[This narrative was written for Week 9 of my creative writing course]
Linchpin of the family
Elizabeth Hacker (nee Hunt) was my great-grandmother. I only know her through black and white photographs and other people’s memories. Most of the photographs show her surrounded by her family, many with my grandparents, mother and aunt. There are two earlier photographs, one of her with her twin brother taken in the back garden of their family home when they were in their late teens, the other a more formal portrait with her mother and first born son.
She grew up in a small village called Broad Hinton in Wiltshire during the end of the nineteenth century. She had seven brothers and sisters including her twin brother Charles. Her father was employed as a farm labourer and it seems that many of her brothers followed into this profession.
According to my mother Elizabeth sometimes helped at the vicarage, and also occasionally taught the younger children in the school, as this was allowed in those days.
At some point she became engaged to the local baker. One of her younger brothers was a Bakers Boy (according to the 1891 census) so perhaps they met through him or everyone knew each other in their small village.
Unfortunately on the 7th November 1899 tragedy struck. Her twin brother Charles was shot by her fiancé, Alfred Hacker, whilst they were shooting pigeons and died. Her fiancé was apparently accused of murder but acquitted at the inquest and the cause of death was recorded as “accidentally shot by a pistol”. [Family stories had the incident occurring when the twins were 18 or 21. I eventually ordered a copy of his death certificate so I could be sure of the date. I’ve recently been communicating with the local record office and am waiting to hear what was reported in the local newspaper.]
Two years later Elizabeth married her fiancé on the 7th October 1902 at Broad Hinton Church. The vicars’ wife made her bouquet with orange blossom grown from the vicarage garden. They went to church in a carriage drawn by two white horses. Not bad for a local girl.
It seems the shooting accident turned my great grandfather to drink. According to family legend when he went round the village to collect payment for his bread deliveries each Friday he began to accept home brew rather than money. Eventually his business went bankrupt and his family had to leave their home and business in Broad Hinton. They are found in the 1911 census in Hilmarton and his occupation is given as journeyman baker rather than the family baker of the 1901 census.
Move to the city
At some point Alfred stopped working as a baker and got a job at the Great Western Railway Works [not sure doing what yet]. He walked the 6 miles from Hilmarton to Swindon and back again every day before the family moved to Swindon. He earned £5 a week but spent half on alcohol and gave half to Elizabeth for rent, bills and food.
Linchpin of the family
Elizabeth had 10 living children and 10 miscarriages. Their move to Swindon was permanent and they were never to return to their roots in the country. They rented a small terraced house where they brought up their family. Out of the surviving children the 4 boys were in one double bed in one room, the 4 girls in one double bed in the other room. This arrangement stayed until the children grew up and left home.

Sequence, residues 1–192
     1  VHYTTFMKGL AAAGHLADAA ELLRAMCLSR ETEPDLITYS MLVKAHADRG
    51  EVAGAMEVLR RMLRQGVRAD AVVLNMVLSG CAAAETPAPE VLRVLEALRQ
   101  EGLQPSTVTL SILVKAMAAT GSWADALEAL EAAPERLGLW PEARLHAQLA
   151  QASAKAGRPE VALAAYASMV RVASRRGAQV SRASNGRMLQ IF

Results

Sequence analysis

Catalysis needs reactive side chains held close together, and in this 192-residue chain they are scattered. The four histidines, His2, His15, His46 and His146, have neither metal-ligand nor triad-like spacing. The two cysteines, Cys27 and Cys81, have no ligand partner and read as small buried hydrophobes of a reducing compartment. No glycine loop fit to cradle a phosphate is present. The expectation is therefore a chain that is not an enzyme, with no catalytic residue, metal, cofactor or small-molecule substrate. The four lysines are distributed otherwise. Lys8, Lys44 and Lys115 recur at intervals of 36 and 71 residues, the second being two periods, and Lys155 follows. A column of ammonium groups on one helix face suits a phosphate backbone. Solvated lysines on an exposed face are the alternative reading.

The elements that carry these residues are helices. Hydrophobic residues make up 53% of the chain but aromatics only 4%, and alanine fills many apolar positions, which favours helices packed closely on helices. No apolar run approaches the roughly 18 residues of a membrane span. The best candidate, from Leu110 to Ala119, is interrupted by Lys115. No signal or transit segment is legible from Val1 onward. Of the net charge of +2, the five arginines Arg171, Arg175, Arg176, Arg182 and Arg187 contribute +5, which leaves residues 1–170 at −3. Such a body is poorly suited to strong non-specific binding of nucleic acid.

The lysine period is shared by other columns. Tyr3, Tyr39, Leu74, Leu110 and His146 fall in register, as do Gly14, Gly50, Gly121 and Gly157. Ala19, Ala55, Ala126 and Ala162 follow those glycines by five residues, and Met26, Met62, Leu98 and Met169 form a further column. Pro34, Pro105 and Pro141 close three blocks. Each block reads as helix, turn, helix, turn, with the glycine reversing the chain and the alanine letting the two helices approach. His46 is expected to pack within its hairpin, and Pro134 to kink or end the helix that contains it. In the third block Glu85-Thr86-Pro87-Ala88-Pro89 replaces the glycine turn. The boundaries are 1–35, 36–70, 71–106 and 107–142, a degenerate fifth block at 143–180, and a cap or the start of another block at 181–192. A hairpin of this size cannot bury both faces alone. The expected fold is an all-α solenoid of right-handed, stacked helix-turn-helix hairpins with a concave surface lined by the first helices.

The Great Western Railway Works was the biggest employer in Swindon, peaking at over 14000 in the 1920s. In those days her sons were guaranteed jobs as her husband worked there. Three of her daughters were employed at Wills Tobacco Factory and one at Compton’s clothing manufacturers, all well known Swindon businesses, before they were married.
An undercurrent of sadness continued. Her husband and one of her sons died of TB in 1935.
Her children grew up, got married and left home except the youngest daughter and her family. Elizabeth kept the large front bedroom she had always occupied; her daughter, husband and son sharing one of the smaller back bedrooms. During the Second World War another of her daughters moved back in with her (my grandmother with my mother and aunt) as her husband was away from home in the Army. Fortunately her sons were employed by the Great Western Railway, which meant their occupations were protected.
Her family escaped any major tragedy during this time. Her son in law was on the aircraft carrier Ark Royal when it was torpedoed in 1941 but survived. The Great Western Railway Works became a war factory and a target for German bombers. Swindon was heavily hit and, although bombs fell around the streets that Elizabeth and her family lived, no one was directly hurt.
Elizabeth kept a dairy of which I have the year 1955. Unfortunately the rest were all thrown away after she died. In it she records the daily visits from her children and their families, visits from extended family, the weather and surprisingly notes about the local football team.
Her youngest daughter and family continued to live with her until she died of a stroke aged 70 in 1959.